Blog Post · My Own Music · Spirituality and Philosophy

The Prodigal Guitar

Here is a picture of me back when I was young and naïve. I’m playing the guitar that my now beautiful and long-suffering wife (then girlfriend of 12 months) owned. From the class ring I’m wearing, it was probably the summer of 1997. I had a work experience placement at Channel TEN studios in Brisbane for six weeks and would have been there staying with her.

No doubt I was playing some Pearl Jam or Simon and Garfunkel badly.

When we moved in together a few years later, we ran into money troubles and chose to sell some things to get by. The guitar was one of the things we sold, since we had two and it was the cheaper quality. I’ve always felt guilty for selling the guitar, partially for being so bad at managing money, and partially because it represented one of the many sacrifices my partner would make (and still makes) to keep me in a career and keep food on the table for our kids.

A few years later, in better times, I bought a good classical guitar for my partner, that you will often see me playing in the videos of me singing the kids to sleep (or not to sleep). We had sold the guitar to a local pawn broker for around $60, but I always felt like the guitar had been abandoned, and wondered where it had ended up.

20 years on, an ad came up in the local Facebook marketplace for a guitar that looked very similar.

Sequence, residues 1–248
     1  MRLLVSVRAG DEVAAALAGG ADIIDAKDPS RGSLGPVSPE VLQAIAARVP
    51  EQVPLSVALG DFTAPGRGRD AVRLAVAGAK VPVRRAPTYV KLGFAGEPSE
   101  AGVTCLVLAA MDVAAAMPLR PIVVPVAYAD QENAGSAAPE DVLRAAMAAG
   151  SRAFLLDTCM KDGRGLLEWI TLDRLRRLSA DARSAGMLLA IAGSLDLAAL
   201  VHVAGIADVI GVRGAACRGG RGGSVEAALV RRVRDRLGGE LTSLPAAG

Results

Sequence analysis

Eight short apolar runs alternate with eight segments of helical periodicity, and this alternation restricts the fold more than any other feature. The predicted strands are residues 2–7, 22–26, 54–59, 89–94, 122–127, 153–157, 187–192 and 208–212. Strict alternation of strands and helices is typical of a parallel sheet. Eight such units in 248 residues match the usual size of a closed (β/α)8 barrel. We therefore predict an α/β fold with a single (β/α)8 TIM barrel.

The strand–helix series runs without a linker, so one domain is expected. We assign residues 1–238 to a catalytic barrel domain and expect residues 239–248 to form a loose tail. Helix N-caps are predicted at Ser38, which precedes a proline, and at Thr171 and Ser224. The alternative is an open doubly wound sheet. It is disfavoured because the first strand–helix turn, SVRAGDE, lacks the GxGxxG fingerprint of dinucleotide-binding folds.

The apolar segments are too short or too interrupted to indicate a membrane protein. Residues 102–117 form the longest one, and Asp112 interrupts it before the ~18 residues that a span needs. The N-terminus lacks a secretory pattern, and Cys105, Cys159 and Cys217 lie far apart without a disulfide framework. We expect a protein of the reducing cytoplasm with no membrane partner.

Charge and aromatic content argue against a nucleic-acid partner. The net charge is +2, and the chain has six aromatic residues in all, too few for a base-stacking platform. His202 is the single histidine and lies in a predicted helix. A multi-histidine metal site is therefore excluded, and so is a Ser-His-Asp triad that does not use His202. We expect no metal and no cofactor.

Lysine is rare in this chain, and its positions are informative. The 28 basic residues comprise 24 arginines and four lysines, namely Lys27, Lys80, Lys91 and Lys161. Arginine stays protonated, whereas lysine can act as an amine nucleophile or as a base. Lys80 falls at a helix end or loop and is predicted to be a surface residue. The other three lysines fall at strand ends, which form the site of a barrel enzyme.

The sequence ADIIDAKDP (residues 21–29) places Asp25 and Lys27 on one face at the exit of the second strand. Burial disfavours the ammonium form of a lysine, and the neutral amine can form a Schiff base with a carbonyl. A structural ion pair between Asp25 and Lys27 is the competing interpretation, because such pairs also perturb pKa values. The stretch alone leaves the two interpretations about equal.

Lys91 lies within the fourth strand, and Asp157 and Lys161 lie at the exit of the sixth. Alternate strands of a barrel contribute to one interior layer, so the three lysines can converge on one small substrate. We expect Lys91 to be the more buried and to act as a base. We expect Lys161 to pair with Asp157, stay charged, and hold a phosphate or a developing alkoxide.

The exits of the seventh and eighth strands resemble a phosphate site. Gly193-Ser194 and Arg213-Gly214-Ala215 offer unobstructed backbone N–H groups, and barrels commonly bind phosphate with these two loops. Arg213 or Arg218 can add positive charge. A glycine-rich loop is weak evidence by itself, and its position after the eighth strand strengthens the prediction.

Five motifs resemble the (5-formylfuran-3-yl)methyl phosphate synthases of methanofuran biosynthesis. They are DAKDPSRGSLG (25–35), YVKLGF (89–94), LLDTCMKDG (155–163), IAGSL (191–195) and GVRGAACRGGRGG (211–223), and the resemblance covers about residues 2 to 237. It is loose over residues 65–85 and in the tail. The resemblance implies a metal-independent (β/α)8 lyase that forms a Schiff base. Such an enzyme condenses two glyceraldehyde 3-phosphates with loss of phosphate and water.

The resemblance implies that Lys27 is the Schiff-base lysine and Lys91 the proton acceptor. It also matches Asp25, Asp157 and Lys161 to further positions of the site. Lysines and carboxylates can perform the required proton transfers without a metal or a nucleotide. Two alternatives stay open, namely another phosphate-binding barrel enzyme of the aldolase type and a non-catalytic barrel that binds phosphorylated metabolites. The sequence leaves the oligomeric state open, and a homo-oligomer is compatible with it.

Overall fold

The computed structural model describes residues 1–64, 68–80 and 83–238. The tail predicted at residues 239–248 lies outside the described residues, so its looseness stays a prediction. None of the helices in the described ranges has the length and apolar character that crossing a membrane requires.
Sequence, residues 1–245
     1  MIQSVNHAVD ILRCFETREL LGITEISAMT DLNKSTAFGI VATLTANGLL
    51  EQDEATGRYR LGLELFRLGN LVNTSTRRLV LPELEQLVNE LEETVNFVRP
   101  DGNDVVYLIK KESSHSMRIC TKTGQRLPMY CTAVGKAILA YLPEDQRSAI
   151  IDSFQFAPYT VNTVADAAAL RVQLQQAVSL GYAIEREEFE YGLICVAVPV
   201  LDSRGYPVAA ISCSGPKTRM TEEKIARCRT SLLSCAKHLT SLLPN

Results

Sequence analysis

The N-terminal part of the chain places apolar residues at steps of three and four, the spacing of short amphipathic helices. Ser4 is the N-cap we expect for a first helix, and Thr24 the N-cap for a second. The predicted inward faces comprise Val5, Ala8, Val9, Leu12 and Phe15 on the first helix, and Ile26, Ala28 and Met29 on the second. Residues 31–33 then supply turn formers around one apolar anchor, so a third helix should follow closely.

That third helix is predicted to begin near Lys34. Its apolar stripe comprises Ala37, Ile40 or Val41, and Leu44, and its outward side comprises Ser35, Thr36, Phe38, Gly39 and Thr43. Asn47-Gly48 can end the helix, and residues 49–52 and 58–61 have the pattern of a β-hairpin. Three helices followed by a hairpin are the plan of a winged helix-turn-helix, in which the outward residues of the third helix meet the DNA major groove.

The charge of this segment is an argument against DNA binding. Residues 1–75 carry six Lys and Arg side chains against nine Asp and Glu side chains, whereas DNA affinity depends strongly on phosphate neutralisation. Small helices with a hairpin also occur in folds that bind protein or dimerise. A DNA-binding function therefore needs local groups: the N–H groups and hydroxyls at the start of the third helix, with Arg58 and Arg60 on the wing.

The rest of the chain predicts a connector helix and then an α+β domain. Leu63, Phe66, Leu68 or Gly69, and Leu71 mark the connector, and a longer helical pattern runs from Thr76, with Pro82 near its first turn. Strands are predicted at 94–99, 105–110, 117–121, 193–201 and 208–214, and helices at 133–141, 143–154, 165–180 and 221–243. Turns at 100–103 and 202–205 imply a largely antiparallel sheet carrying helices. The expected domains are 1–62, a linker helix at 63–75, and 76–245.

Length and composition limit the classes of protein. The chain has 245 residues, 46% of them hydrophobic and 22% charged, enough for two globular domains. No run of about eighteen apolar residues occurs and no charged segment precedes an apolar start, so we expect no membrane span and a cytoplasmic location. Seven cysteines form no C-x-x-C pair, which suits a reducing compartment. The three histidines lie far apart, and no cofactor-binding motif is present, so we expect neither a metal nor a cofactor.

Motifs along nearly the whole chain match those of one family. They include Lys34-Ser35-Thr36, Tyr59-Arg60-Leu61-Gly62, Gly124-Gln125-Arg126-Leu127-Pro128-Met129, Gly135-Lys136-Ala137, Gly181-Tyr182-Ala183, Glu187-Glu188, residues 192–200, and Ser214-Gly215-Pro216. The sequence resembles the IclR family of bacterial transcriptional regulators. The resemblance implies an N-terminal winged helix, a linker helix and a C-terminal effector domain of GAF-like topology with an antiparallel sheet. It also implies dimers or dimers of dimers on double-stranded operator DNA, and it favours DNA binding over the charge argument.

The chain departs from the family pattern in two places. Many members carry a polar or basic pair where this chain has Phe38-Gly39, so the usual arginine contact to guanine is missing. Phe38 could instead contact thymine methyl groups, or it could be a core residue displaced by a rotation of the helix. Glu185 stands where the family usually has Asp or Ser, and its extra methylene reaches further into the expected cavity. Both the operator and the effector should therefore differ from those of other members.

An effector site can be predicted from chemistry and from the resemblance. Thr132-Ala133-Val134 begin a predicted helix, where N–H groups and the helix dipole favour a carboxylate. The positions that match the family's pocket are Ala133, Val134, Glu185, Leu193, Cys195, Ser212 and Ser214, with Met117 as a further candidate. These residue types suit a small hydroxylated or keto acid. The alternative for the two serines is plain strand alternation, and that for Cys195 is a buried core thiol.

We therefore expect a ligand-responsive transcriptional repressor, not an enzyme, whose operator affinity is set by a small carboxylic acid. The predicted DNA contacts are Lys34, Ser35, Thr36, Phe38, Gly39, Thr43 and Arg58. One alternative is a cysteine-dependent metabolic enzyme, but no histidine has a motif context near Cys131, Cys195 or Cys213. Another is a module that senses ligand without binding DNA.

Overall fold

I picked the guitar up today for $50. The machine heads were damaged and it looks like there has been a repair done to re-attach the fingerboard where it joins the body, but apart from that and a few minor scratches it was in good condition. I put some new machine heads and new strings on and wrote/played this song on it. Feels good to have it, or maybe its cousin, home.

For the guitar history boffins, the guitar was made in Korea by Amena which according to the link was making Gibson copies in the 1970s. The guitar is based on the Gibson Hummingbird, played by one of my favourite singer/songwriters, Mike Rosenberg (talking about guitars here).

Here is a blog post by a repairer, Tym Guitars, working on a similar guitar. Just like the guitar Tym worked on, this isn’t a $4000 Martin, but to me it sounds beautiful and represents a recovery of something lost.

So what is the moral of the story? The song that came out was about loss and serendipity, and accepting the universe’s plans. If something is meant to be yours, it will come back eventually.

I’m looking forward to hearing what other songs this lovely instrument has to share.

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